On October 17, 2014, the Eleventh Circuit ruled in the Georgia State University e-reserve case, directing the lower court to revisit its fair use analysis and avoid using an arithmetic approach to the four factors (i.e., if three factors favor fair use but one does not, then fair use applies). While the case was reversed and remanded, the Eleventh Circuit actually rejected many of the arguments advanced by the plaintiff publishers. In its holding, the court affirmed that fair use is determined on a case-by-case basis, rejected bright-line rules, affirmed that even non-transformative uses may be a fair use, and rejected applicability of the coursepack cases.
The plaintiff publishers subsequently filed a petition for rehearing en banc, which the Eleventh Circuit rejected in January.
On remand to the district court, on February 24, 2015, the publishers filed a motion to reopen the record. The publishers claim the need for “evidence of GSU’s ongoing conduct (e.g. its use of E-Reserves during the most recent academic term).” Essentially, the publishers are seeking a new trial with potentially new claims, rather than allowing Judge Evans to simply revisit the analysis used with respect to the existing claims-at-issue.
On March 13, 2015, GSU filed its opposition to the motion to reopen, noting that “The record here was fully developed at trial and is complete, and from it, this Court can” make a fair use determination. As GSU points out, there is no reason to reopen the record because the Eleventh Circuit remanded the case based on the legal analysis rather than an incomplete factual record.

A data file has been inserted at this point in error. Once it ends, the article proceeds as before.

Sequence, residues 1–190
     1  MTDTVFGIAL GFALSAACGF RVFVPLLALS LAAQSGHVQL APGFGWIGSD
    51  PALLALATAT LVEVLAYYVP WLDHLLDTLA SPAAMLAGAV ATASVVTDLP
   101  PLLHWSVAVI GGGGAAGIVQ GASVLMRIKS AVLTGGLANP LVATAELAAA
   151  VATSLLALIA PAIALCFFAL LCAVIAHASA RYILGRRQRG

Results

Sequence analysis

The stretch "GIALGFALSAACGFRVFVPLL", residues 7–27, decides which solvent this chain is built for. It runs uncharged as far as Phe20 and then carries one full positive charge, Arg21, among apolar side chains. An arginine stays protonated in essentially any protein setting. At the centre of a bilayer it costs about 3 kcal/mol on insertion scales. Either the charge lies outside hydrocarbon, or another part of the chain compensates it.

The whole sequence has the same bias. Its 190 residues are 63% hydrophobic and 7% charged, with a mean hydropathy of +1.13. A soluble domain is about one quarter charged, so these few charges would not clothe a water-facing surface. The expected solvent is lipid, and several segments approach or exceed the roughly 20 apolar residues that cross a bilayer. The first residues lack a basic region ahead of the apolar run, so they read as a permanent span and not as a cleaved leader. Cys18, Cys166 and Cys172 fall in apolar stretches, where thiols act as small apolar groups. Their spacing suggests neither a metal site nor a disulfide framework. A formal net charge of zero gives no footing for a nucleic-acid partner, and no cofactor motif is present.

GSU also points out the burdensome nature of reopening the record:
The process of re-opened discovery that the Plaintiffs propose would be grossly burdensome–requiring Defendants to, among other things, collect substantial electronic and paper records and acquire the sworn statements of yet-undetermined number of faculty and staff. The Court would then have to use its finite resources to start anew analyzing new individual allegations of infringement–and would (According to Plaintiffs’ plan) have to do so without the benefit of trial testimony on such things as the pedagogical purposes of the alleged uses.
GSU’s opposition goes on to explain that reopening the record would be unfair given that the publishers declined to stay the case while GSU was implementing its new policy on electronic reserves:
Moreover, Plaintiffs’ Motion does not make any claims of prejudice to Plaintiffs. Nor could Plaintiffs do so. The Court will recall that Plaintiffs declined Defendants’ offer to stay this case during initial implementation of the Policy. Having elected to proceed, Plaintiffs should not now be heard to complain of the record they insisted on presenting to this Court in the first place.
GSU points out that the publishers are essentially looking an entirely new trial:
The Eleventh Circuit’s and this Court’s thorough disposition of the legal and factual arguments advanced over years of litigation–including almost a month of trial testimony–simply cannot be a dry run for Plaintiffs’ “second go” at whole new allegations of infringement.
It seems clear from the publishers’ motion to reopen that they intend to aggressively pursue the case. Given that the publishers were largely defeated the first time the case was heard in the district court and most of their arguments were rejected on appeal, it indeed seems that they want to treat the existing record as a “dry run” and now seek a new trial with a new set of allegations.